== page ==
That’s why the Twin Cities show is so timely. In a nod to past tradition, the “Car of the Show” this year is the Volkswagen Tiguan — a compact but conventional SUV that is sturdy and durable for family use, and it leads in perfectly — if unintentionally — to Volkswagen’s incredible future.

Volkswagen is a German company that makes some of the most durable and potent and efficient engines in the world. The company’s 2.0-liter 4-cylinder is good as it sits and fantastic if you turbocharge it. It has been tweaked to power the GTI hot-rod hatch version of the Golf, and it also can be used in the Jetta 4-door, the Passat midsize near-luxury sedan, and on into the Arteon, and the SUVs like the Tiguan.

While also building a strong and unique VR-6 when more power is needed, VW has built a smaller 4-cylinder, at 1.4 liters, that is both adequately powerful with a turbo and extremely fuel-efficient in, say, the Jetta.

Every time you climb into any Volkswagen, you eel as though you’ve surrounded yourself in solid, German engineering. They are strong, durable and can be tased around like sports cars, if you choose.

Hyundai has redone all its SUVs, and the compact Tucson is just about to be introduced.

The new design of the Jetta places it among the bsst entry-level sedans, and it will never feel entry level. The Passat is a willing challenger to any highway-cruising near-luxury car, at a bargain price. And the people’s-car company also owns Audi, which is more of a luxury car-maker, and also advances the corporate engineering and efficiency. The new Audi e-tron is the sleek sedan you see being advertised on satellite TV broadcasts of the Stanley Cup hockey games.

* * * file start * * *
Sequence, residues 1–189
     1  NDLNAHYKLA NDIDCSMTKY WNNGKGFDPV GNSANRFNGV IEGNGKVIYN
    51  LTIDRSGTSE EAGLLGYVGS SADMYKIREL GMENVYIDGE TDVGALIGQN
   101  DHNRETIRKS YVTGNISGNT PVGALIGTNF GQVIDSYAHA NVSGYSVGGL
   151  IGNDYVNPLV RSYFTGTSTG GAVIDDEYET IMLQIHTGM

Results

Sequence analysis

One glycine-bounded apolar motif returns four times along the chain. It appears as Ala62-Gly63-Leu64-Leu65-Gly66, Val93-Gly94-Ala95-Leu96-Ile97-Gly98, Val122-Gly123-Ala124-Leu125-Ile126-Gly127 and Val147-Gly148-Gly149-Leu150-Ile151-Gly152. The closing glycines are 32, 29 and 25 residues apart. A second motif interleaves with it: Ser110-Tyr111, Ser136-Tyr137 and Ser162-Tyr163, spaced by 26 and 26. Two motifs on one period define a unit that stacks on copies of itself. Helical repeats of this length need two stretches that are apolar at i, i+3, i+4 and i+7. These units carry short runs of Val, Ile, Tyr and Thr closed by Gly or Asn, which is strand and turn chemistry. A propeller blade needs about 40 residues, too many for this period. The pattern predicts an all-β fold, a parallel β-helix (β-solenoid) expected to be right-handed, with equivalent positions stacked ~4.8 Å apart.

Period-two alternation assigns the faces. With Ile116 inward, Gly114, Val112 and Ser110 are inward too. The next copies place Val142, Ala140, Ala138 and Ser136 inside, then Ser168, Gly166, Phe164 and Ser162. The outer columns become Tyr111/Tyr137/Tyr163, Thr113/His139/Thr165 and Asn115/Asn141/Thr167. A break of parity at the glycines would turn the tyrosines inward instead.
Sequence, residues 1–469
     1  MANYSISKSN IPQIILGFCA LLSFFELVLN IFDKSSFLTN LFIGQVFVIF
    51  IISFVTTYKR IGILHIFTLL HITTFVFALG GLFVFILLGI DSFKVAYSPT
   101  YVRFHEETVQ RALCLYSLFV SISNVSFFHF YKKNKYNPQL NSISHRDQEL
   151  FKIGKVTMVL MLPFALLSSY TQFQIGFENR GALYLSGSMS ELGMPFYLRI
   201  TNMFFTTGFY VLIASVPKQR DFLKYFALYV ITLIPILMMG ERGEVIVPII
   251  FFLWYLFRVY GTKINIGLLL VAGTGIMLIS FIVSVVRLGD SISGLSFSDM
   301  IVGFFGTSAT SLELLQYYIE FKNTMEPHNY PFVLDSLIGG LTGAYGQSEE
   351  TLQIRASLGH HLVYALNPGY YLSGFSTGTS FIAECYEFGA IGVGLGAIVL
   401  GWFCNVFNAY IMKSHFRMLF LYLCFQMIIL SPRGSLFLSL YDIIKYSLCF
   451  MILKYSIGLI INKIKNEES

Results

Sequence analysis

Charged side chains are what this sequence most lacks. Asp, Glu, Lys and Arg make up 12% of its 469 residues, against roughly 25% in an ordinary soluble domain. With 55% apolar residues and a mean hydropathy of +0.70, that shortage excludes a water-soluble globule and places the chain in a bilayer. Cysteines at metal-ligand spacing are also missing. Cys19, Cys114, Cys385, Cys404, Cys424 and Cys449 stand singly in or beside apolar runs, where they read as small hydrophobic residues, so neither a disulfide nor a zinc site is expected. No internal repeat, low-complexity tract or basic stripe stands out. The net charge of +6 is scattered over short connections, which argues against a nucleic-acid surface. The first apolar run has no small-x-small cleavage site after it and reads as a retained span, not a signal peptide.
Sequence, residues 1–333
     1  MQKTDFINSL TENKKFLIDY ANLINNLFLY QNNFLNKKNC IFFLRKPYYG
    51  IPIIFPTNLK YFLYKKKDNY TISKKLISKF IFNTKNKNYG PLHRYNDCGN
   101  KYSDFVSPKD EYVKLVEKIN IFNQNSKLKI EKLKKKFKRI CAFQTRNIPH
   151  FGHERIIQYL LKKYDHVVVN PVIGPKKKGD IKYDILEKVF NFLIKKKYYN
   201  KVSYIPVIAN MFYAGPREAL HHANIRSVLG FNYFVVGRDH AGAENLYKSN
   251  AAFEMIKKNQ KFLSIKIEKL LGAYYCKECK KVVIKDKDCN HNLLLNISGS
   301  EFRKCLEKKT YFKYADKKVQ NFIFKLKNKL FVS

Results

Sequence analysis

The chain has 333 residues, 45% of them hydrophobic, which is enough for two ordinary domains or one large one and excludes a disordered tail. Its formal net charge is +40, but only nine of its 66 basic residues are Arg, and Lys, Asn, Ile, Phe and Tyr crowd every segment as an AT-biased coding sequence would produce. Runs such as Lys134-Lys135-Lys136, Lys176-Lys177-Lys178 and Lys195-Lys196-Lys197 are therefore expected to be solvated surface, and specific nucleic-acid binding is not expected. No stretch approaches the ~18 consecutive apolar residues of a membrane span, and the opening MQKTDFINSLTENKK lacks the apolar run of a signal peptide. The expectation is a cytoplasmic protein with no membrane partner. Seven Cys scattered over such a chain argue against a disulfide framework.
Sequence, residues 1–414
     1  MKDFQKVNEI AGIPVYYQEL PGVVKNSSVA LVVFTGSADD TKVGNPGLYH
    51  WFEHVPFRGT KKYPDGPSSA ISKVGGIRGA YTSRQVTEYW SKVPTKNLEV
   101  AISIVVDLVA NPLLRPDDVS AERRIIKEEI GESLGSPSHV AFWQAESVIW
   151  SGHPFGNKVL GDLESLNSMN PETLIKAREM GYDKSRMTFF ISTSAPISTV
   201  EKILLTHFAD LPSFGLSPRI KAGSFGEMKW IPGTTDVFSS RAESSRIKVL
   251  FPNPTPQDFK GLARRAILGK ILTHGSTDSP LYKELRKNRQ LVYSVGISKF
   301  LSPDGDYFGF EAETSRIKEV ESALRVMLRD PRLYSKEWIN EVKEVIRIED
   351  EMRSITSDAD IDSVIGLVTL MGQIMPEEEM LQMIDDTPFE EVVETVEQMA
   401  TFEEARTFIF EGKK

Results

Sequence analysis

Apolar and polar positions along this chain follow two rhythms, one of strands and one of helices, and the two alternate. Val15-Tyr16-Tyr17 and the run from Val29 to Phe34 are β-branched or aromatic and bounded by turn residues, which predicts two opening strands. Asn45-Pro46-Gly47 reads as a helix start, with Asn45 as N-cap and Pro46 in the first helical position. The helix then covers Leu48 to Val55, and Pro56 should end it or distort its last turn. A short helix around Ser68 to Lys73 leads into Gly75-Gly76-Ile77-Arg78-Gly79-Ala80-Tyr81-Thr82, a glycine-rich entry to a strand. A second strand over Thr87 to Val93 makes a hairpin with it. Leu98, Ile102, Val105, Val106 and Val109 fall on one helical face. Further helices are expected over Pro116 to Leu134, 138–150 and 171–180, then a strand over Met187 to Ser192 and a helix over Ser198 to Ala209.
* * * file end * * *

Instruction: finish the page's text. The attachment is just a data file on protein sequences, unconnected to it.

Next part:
The Tiguan was always a bit stubby, so VW elongated it and added interior room and seating, and for the last couple of years they continued to make the shorter one, too. You can get it with the 4 or V6, but drive one with the 4 before you decide on the larger engine. And the new Allspace is about to hit the market.

All of that is worthy of columns and reviews, but this year, the move is electrifying. Volkswagen, like General Motors, Ford, Jeep, and everybody else, is looking for the most efficient way to go electric. Volkswagen has found the answer with a new and progressive technical company that is building a unique new battery pack and propulsion system, and it is going to build a futuristic plant near Silicon Valley in California for its new facility. Someone asked how they could afford such a fabulously expensive facility, and they said they had strong backing. Someone asked who their chief backer was, and they said, “Volkswagen.”

After the new all-electric ID.4 gains traction, so to speak, VW also will have its new Golf-e and a new version coming of the Microbus in all-electric form. The concept is that the new battery system will consist of low, horizontal plates that can be stacked on top of each other, resulting in tremendous range — over 300 miles on a charge, I’m told — and incredibly fast recharging time.

So I enjoyed the Twin Cities show, seeing the Mazdas, the Lexus models, the new Hyundai Tucson, which isn’t introduced yet, and the new Nissan Rogue, also yet to be introduced, as well as the Mitsubishi comeback vehicles, like the Outlander, Outlander Sport and Cross-Sport. Some of those will be electric, too.

Mazda’s new idea isn’t out yet, but should be a super-hybrid, with a battery pack that will run the car for a lot of miles, and then a “range extender” — which is auto-speak for the gas engine in a hybrid — that will be the return of Mazda’s legendary little rotary engine. That will be a neat stepping stone toward all-electric.

The 2021 Passat has evolved to be a near-luxury bargain sedan for Volkswagen.

We also know that there are pickup trucks coming from General Motors and Ford, and next Hyundai, that are propelled by electric power. They’re coming, and we should be embracing the clean-air, low-cost travel we’re going to be faced with.

As of now, the Twin Cities car show has information noting the presence of the VW ID.4, the Mustang-e, the Niro, Outlander, Volvo XC-40 Recharge, Jaguar I-Pace, Mini Cooper-E, Nissan Leaf, Porsche Taycan, Tesla S and Y models, Auto e-tron, BMW i3, and the Chevrolet Bolt.

That’s a pretty good start, and I’ve driven several of them. But I hadn’t driven the VW ID.4 before last weekend, and now I want one for a week, even more. For a promotion, maybe they should offer free corn dogs with it.

Equinox gives Chevy a Premier compact SUV